School: Ohio State | Year: Sophomore | Age: 20 | Born: March 4, 1992 | Position: PF/C
Height: 6’9” | Weight: 280 | From: Columbus, OH | Best Case Scenario: Al Jefferson 2.0
Jared Sullinger very well may have been the first pick in the 2011 NBA draft had he chosen to leave school early, but instead chose to return for his sophomore season with NCAA championship aspirations and a chance to continue to hone his game. A little undersized at 6’9”, Sullinger makes up for his height with his big body and large arms. At 280 pounds with a 7’2” wingspan, he has been a force to be reckoned with ever since playing his first game last year with Ohio State. However, he does not possess above average athleticism compared to NBA power forwards and his 32” vertical leap is nothing to boast about. He understands the limitations of his game and does not attempt to play outside of what makes him successful.
Sullinger does the majority of his damage on the low block. Due to his strength and low center of gravity he is very good and getting and maintaining inside position. He consistently puts himself in position to fight for offensive rebounds and has great intensity fighting for balls on the offensive glass. He scores mainly with his back to the basket, as he has continued to improve his post moves and footwork in the paint. Sullinger does not possess elite athleticism and tends not to finish above the rim in traffic, and he is not a superb alley-oop candidate. He has developed confidence using either hand on hook shots and also has a good midrange jump shot that extends out to the NCAA three-point line. As he progresses, he will need to learn to score faced up with his defender.
Sullinger maintains great body control and is able to finish effectively through contact. Due to his great hand-eye coordination, he is able to catch quick passes and is always ready for the ball. His soft touch makes him an extremely efficient finisher in the lane. On offense, Sullinger is a black hole when getting the ball and is not good at creating scoring opportunities for his teammates. At the college level, this is acceptable due to his physical domination of his opponents. However, at the NBA level, he will likely not begin as the first scoring option and will need to be unselfish on offense. He attracts many double teams and needs to recognize this and find the open man.
The problems facing him lie in his average mobility and athleticism. His slow foot speed makes him a non-threat driving from the wing and when matched up with good shot blocking opponents, he has a tough time elevating over them. Not a great transition player, Sullinger will need to continue to turn his baby fat into lean muscle in order to improve his agility. However, he is a great hustler and is a good rebounder. His size gives him an absolute advantage in the lane and creates extra possessions for his team on offense. He possesses a great motor and does not give up on possessions.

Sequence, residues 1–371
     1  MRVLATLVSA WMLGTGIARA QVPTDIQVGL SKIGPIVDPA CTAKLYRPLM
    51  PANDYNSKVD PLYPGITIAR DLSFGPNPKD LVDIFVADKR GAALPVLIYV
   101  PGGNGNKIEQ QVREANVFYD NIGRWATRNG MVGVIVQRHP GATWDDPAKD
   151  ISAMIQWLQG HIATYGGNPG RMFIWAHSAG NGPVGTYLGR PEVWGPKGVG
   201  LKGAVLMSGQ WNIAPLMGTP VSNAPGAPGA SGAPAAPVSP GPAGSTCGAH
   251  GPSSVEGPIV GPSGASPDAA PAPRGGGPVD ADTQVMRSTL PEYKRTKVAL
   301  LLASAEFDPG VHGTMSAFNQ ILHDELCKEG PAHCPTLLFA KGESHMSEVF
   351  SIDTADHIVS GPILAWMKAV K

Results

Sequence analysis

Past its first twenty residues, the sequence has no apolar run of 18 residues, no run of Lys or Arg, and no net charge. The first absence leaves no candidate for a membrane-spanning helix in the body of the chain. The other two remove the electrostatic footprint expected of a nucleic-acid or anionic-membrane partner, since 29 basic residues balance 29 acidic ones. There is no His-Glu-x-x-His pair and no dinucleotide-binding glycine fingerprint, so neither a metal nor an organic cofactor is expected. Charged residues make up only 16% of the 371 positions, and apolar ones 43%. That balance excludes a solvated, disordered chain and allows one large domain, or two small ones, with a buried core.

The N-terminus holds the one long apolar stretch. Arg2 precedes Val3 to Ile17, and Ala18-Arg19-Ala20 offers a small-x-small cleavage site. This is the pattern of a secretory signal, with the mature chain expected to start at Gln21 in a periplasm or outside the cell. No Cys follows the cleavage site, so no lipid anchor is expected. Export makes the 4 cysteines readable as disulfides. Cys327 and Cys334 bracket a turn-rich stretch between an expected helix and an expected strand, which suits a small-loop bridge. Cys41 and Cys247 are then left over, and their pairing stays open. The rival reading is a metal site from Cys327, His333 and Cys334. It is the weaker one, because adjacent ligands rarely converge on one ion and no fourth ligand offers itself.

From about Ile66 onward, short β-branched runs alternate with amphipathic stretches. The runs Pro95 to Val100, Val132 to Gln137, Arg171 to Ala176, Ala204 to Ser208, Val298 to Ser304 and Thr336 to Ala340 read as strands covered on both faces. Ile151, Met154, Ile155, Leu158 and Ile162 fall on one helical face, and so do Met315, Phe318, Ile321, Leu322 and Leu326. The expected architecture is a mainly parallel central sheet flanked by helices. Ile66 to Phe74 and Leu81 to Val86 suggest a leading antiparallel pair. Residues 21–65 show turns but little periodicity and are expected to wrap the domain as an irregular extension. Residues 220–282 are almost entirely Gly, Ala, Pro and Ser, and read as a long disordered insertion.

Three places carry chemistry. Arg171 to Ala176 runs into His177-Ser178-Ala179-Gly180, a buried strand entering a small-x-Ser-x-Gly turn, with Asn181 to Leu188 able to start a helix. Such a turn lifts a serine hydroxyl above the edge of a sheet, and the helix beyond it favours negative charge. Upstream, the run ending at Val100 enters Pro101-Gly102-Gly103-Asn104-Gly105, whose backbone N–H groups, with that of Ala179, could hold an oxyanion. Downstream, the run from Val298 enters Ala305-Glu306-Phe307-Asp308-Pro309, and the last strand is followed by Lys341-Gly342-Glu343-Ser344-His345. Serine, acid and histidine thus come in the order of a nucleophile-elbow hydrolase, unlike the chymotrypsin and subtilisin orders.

Sullinger is very good at banging down low and getting to the free throw line, where he is an efficient free throw shooter at 77%. This season he has found confidence shooting from three-point range, and his shot mechanics and release give him the potential to be a threat shooting from long range. This will force his defenders to play him closer, making it easier for him to blow past his defenders. His perimeter game is still unpolished as he is not very comfortable dribbling starting from the perimeter. If he can continue to slim down and improve his foot speed, he has the potential to be a threat driving from the perimeter.
Defensively, Sullinger has been a foundation down low for one of the top defensive teams in college basketball. Although he is not a great jumper and only blocks 1 shot per game, his low center of gravity combined with his strength make him very tough to back down. His long wingspan makes it very tough to get a shot up against him, but his slow foot speed make him a target for quicker big men.
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Photo Credits: TheOfficialTalk